Singapore yesterday stopped its national library from destroying two children's books with gay themes following an outcry over literary censorship in city-state.
Information Minister Yaacob Ibrahim ordered the books moved to the adult section, where parents can borrow them for their children, after another title had already been pulped by the National Library Board.
"We stand by NLB's decision to remove the three books from the children's section," Yaacob said on Facebook, adding that the board "will continue to ensure that books in the children's section are age-appropriate".
Singapore has separately banned a volume of the long-running US comics series Archie because its depiction of a marriage between two men was deemed to breach local "social norms".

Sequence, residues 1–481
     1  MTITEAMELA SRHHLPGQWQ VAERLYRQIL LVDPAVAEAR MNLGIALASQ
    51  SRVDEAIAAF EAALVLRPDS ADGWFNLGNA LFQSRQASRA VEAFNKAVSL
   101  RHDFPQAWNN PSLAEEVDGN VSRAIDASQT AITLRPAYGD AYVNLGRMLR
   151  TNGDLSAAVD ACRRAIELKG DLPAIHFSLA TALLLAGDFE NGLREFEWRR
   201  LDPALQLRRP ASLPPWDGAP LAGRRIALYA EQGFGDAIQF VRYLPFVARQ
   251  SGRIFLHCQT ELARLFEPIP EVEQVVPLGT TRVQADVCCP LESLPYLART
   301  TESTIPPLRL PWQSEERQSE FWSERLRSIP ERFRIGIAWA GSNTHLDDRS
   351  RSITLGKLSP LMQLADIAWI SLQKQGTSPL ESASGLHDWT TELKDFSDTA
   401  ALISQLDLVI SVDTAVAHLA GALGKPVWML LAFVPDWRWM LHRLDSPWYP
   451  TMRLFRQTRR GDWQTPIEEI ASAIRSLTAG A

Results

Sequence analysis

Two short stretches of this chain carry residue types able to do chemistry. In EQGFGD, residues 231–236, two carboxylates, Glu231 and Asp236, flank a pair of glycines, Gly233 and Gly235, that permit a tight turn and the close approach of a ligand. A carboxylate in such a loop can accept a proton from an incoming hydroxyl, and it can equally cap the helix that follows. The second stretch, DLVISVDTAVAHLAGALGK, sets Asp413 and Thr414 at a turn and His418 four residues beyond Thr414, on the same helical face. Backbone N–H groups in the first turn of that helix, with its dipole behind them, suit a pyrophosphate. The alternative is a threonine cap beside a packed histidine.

Government officials claim that most Singaporeans are conservative and do not accept homosexuality.
The two books to be moved to the adult section of public libraries are And Tango Makes Three - a true story about two male penguins in a New York zoo that raised a baby penguin - and The White Swan Express, which features children adopted by straight, gay, mixed-race and single parents.
The book that has already been destroyed is Who's In My Family, which discusses different types of families, including references to gay couples.
Around 400 people including parents gathered at a library branch last weekend to read the banned books to their children as a show of protest.
Sex between men is illegal in Singapore and punishable by up to two years in jail under a law dating back to British colonial rule. The government has refused to rescind the legislation, but it is not actively enforced.